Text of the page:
Newspaper article The Christian Science Monitor

New Massachusetts School-Choice Program Gets a Mixed Reception CHANGING EDUCATION

Newspaper article The Christian Science Monitor

New Massachusetts School-Choice Program Gets a Mixed Reception CHANGING EDUCATION

Article excerpt

SCHOOLS opened on a somewhat subdued note in this coastal city north of Boston as the state embarked on a controversial new education program.

Local officials, teachers, and parents here are concerned about dramatic state funding cutbacks in their city due to a cross-district school choice program. The new system, which allows parents to choose the schools their children attend, is funded by subtracting state local aid money from a "sending" community and transferring it to a "receiving" community - one that accepts nonresident students. Unfairness charged

Critics say the new law unfairly targets poorer cities, like Gloucester, while it benefits wealthier communities. Gloucester officials estimate that their school system will lose $300,000 to $350,000 in state local-aid money because approximately 66 Gloucester students will attend school in neighboring Manchester-by-the-Sea.

"Every kid who under this flawed scheme goes to Manchester out of the Gloucester school system takes a sum of money ... out of our (state aid) allocation, and we can't afford the further losses of revenue," says Gloucester Mayor Bruce Tobey.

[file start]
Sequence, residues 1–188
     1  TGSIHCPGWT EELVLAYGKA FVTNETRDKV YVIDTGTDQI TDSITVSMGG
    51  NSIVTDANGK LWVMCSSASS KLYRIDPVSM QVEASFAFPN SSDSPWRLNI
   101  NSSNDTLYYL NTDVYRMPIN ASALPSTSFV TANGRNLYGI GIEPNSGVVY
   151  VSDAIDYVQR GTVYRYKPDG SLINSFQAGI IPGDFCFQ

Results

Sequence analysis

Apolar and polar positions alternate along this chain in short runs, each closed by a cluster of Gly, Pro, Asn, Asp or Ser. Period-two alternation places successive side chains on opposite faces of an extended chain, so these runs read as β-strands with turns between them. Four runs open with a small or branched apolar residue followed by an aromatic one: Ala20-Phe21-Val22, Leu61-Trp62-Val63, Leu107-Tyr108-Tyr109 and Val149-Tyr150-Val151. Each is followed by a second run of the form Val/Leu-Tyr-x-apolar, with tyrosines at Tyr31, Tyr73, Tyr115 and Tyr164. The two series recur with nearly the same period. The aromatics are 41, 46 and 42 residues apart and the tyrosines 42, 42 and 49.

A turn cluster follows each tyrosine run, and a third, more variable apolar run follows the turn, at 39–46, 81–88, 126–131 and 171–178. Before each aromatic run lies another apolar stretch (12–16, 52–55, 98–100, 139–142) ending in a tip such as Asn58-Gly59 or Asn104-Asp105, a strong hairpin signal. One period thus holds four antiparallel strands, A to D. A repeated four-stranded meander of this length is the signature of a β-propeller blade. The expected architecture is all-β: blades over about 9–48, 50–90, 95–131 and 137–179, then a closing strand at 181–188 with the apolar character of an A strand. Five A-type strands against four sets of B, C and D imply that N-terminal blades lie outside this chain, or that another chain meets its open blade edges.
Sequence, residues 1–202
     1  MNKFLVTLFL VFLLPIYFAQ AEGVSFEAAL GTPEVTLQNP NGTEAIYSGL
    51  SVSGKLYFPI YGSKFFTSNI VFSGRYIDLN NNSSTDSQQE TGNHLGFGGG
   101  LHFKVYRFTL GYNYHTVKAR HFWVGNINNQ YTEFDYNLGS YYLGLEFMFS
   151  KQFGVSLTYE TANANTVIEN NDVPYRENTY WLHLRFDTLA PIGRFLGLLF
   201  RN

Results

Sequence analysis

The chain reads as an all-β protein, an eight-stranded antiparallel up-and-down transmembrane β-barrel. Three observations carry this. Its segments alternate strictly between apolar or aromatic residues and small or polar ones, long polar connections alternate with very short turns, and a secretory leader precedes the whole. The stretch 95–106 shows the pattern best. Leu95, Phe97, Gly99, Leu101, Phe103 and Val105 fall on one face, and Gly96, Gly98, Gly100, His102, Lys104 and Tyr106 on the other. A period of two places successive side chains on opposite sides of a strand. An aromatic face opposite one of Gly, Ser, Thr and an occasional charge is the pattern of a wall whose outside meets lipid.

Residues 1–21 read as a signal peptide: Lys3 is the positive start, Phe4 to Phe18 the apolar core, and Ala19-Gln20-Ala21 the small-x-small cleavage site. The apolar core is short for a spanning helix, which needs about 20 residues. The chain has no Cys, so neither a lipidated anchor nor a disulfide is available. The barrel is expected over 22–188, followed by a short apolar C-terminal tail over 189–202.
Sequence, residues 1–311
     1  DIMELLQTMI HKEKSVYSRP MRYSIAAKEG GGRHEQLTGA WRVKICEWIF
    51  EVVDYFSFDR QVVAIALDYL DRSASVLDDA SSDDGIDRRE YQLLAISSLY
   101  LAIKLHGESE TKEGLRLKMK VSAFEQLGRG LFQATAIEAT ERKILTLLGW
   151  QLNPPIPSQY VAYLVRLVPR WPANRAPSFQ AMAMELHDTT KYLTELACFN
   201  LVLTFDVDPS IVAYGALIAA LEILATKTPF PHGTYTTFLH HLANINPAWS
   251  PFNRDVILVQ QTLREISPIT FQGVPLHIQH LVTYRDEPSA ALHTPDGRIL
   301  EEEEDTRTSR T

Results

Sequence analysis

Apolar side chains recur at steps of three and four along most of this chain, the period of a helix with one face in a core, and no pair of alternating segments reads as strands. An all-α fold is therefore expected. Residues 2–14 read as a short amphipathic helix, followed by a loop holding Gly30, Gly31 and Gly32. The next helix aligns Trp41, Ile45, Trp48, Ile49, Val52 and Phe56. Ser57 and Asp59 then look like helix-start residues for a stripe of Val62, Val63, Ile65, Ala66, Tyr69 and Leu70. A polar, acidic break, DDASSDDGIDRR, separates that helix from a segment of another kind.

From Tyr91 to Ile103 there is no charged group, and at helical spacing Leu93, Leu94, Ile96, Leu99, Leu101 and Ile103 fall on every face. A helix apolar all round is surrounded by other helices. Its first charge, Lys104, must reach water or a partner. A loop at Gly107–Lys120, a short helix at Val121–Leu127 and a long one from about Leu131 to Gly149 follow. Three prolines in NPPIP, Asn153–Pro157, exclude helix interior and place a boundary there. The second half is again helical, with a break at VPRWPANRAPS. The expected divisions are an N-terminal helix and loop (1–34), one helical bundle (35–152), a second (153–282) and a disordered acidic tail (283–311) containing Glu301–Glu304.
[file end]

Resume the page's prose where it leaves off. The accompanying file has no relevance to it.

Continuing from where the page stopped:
School choice is gaining increased popularity in districts across the United States. The idea is to stimulate reform and innovative programming through competition. The Bush administration has been a strong supporter of school choice and favors the inclusion of private and parochial schools. "The whole philosophy of choice is that it will shut down those schools that aren't being productive (or) there will be more of an effort to make those schools better," says Kathy Christie, research assistant for the Education Commission of the States.

Some 10 states have cross-district choice programs, according to Joe Nathan, director of the Center for School Choice at the University of Minnesota's Hubert Humphrey Institute for Public Affairs. Parts of Massachusetts and Minnesota have had some kind of school choice for several years. An intra-district program in Cambridge, Mass., has been cited as a model choice program.

But the new Massachusetts cross-district program, allowing parents to send their children to any school district in the state, is causing tension this fall. …

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